About Susan Crean

Photo: Mai Cao, Beijing, 2010.
Photo: Mai Cao, Beijing, 2010.

I have been writing for four decades and have been an activist even longer. The two are very connected. My day jobs have included current affairs television production, teaching (creative writing at UBC, journalism at Ryerson, any number of workshops), and for a time I wrote policy papers for arts councils, arts groups and governments.  One early assignment turned into my first book, Who’s Afraid of Canadian Culture? published in 1976.

Born and raised in Toronto, I studied art history at university and spent several years studying in France and Italy before returning to Canada in 1970 in the middle of the October Crisis. I’d been living in the 16th century for some time, and awoke to student demonstrations on the York University campus in favour of Trudeau’s invocation of the War Measures Act.

Instead of returning to the art world, I started freelancing for indie magazines (Broadside, This Magazine, Canadian Forum) and the CBC, and ended up working with a bunch of artists organizing a union for visual artists called Canadian Artists’ Representation (CAR/FAC). Most particularly, I spent time with London area artists Jack ChambersGreg Curnoe and John Boyle. It was Jack who sent me to my first meeting on copyright reform — a subject I was to follow on behalf of writers and creators until 2006.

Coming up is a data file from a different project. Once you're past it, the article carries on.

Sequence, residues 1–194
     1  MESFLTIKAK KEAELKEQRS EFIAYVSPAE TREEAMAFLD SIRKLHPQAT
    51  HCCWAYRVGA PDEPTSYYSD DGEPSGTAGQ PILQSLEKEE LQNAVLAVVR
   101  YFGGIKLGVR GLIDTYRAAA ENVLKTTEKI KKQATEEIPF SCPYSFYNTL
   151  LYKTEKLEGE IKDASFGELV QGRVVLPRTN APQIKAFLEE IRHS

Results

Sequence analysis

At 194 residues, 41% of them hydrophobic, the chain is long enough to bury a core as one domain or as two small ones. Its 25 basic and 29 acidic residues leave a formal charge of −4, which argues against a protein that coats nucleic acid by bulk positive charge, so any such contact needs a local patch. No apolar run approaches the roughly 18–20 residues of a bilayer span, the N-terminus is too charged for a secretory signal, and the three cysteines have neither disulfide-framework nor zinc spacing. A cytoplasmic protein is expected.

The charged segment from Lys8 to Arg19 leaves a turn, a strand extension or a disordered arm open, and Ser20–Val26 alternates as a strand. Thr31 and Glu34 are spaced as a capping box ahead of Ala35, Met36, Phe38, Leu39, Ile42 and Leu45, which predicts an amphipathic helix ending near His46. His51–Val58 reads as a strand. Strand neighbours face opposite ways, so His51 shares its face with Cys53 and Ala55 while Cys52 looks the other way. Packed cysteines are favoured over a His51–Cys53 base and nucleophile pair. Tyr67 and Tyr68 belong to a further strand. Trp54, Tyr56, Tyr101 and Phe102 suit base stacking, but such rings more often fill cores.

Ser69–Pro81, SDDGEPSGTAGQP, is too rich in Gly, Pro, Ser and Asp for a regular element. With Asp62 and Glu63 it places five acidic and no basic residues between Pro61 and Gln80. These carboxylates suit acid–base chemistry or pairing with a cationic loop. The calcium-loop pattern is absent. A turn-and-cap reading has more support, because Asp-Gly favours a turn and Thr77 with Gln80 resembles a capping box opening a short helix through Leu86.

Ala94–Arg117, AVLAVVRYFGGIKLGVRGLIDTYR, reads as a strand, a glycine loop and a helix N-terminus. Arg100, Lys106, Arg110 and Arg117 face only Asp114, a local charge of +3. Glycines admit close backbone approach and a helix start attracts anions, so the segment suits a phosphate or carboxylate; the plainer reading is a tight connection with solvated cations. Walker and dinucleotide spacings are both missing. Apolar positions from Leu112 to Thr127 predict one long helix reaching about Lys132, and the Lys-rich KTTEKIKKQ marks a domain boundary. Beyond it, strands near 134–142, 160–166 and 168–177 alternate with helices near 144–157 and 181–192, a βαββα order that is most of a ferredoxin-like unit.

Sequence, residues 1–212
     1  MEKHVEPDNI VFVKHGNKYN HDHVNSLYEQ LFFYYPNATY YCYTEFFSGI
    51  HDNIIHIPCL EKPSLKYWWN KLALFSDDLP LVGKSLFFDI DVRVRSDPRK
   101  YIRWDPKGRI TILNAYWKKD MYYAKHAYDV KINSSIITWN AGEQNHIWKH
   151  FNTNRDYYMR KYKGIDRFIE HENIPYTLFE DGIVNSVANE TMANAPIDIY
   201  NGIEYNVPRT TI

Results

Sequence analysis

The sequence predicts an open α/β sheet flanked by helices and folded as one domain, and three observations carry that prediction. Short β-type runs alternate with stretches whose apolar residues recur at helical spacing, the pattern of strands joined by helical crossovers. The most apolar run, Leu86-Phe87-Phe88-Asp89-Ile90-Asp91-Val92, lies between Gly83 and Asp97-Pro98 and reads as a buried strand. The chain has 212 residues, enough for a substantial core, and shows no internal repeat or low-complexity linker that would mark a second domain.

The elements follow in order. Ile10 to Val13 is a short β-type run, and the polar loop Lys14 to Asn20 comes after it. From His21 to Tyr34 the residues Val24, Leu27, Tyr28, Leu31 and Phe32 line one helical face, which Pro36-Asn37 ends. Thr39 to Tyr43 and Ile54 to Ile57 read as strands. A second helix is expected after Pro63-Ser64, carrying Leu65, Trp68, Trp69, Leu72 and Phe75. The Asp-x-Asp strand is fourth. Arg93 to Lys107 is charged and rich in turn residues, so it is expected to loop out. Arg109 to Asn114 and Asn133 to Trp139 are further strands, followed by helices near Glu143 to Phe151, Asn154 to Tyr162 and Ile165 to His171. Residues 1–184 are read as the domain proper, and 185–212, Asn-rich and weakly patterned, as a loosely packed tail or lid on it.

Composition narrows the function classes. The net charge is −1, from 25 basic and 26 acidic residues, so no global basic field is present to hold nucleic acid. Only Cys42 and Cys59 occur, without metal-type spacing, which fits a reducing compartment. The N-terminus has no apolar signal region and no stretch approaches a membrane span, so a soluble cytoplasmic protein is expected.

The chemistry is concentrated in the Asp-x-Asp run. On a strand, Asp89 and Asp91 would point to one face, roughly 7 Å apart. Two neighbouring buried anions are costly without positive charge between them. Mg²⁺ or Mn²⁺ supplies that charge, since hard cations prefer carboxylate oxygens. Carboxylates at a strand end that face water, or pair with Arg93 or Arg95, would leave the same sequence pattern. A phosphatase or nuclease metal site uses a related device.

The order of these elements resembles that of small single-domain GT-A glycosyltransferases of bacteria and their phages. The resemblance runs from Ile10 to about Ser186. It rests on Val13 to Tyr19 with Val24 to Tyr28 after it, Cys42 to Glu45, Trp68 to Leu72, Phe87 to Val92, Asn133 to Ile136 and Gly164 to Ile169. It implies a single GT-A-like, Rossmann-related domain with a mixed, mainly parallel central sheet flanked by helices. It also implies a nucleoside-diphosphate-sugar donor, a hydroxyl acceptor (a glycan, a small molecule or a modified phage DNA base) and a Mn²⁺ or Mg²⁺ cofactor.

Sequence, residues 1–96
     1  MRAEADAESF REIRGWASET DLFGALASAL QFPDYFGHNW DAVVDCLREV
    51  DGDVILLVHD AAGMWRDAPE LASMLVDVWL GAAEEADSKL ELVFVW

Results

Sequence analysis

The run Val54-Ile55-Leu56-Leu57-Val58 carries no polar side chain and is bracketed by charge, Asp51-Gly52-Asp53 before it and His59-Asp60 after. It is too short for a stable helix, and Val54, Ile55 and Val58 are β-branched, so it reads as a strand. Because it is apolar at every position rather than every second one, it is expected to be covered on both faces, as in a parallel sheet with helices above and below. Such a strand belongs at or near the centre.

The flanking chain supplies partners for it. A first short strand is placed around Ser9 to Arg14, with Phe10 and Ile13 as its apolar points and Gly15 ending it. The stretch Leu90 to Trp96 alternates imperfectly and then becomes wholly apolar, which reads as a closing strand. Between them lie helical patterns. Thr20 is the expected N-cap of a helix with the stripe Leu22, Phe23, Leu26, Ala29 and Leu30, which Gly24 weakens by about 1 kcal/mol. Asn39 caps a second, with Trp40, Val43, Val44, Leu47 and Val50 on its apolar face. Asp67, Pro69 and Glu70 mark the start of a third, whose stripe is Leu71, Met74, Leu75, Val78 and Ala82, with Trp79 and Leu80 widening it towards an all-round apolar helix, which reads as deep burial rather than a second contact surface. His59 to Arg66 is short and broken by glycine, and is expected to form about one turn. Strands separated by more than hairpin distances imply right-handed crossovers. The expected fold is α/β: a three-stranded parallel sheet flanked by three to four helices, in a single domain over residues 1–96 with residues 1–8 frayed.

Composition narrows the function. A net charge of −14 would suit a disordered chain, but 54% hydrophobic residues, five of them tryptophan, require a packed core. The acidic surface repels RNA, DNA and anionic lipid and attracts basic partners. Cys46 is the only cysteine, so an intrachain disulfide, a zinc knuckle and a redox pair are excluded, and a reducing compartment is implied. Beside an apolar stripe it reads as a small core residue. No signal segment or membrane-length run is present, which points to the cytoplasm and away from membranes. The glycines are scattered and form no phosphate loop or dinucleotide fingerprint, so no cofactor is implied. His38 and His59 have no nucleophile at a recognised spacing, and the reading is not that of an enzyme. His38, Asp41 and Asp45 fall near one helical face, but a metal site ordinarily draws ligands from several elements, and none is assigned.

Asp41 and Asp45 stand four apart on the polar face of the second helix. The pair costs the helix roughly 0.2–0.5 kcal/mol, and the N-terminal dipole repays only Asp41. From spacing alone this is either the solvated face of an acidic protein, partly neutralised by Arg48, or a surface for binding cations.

Gathering of CAR/FAC artists and supporters prior to attending the Annual Meeting of the Art Gallery of Ontario, 1974. From left: Barb Hall, Larry Haiven, Judy Haiven, (?), Tom Hendry, Jay Macpherson, Allan Sparrow, Jane Condon, Susan Crean, (?) Madeleine McDowell. Front row: (?), (?), Judy Gouin, Charlie Pachter, Bill Boyle, (?), John Boyle. Photo by Marion Lewis.

The seventies were a heady time; a lot of theatre companies, artist-run galleries and  publishing houses were set up then, many of them collectives. These were also the years when the Canadian film and recording industries were kick-started. Who’s Afraid of Canadian Culture documented much of this activity and argued for cultural funding that would favour Canadian work to counterbalance the overwheming flood of imported American films, TV and books.  Our generation of Canadian artists refused to leave Canada in order to work as our predecessors had, but staying home implied setting up the infrastructure and policies to produce and distribute Canadian work. Little existed at the time, and what did exist (the opera, the ballet, regional theatre, symphony orchestras) demonstrated little interest in contemporary Canadian work.  At the time, excellence and Canadian were rarely used in the same sentence by arts professionals, which once prompted my remark that excellence was perhaps something best experienced in the privacy of one’s own home if it’s all a matter of subjective opinion and personal taste. The book was reviewed from coast to coast which is to say, given air time and some serious responses along with a chorus of boos, that led to more radio interviews and TV appearances. Damning reviews appeared in the financial sections pages. I was accused of hating Mozart, of knowing nothing, of possessing the brains of a barn owl, and was censored on CBC Radio’s flagship current affairs show As It Happens,  which objected — and excised the term “American cultural imperialism” which I used more than once in a phone-in interview.  It was a great way to begin.